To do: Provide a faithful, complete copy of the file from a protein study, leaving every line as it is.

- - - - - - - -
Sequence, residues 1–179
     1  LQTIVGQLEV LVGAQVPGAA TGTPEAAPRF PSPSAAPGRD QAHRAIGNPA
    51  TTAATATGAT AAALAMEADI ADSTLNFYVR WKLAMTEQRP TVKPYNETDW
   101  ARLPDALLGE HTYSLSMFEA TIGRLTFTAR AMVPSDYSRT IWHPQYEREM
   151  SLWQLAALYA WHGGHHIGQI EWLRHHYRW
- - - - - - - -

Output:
Sequence, residues 1–179
     1  LQTIVGQLEV LVGAQVPGAA TGTPEAAPRF PSPSAAPGRD QAHRAIGNPA
    51  TTAATATGAT AAALAMEADI ADSTLNFYVR WKLAMTEQRP TVKPYNETDW
   101  ARLPDALLGE HTYSLSMFEA TIGRLTFTAR AMVPSDYSRT IWHPQYEREM
   151  SLWQLAALYA WHGGHHIGQI EWLRHHYRW